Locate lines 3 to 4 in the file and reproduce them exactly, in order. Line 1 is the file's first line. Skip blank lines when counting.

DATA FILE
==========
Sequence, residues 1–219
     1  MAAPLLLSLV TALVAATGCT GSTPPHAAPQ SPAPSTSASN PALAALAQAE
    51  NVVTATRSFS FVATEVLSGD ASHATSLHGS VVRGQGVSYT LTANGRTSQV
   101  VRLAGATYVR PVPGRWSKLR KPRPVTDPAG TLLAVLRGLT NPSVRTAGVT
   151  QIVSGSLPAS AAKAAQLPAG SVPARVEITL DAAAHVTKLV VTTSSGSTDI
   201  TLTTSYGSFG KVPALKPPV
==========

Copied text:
    51  NVVTATRSFS FVATEVLSGD ASHATSLHGS VVRGQGVSYT LTANGRTSQV
   101  VRLAGATYVR PVPGRWSKLR KPRPVTDPAG TLLAVLRGLT NPSVRTAGVT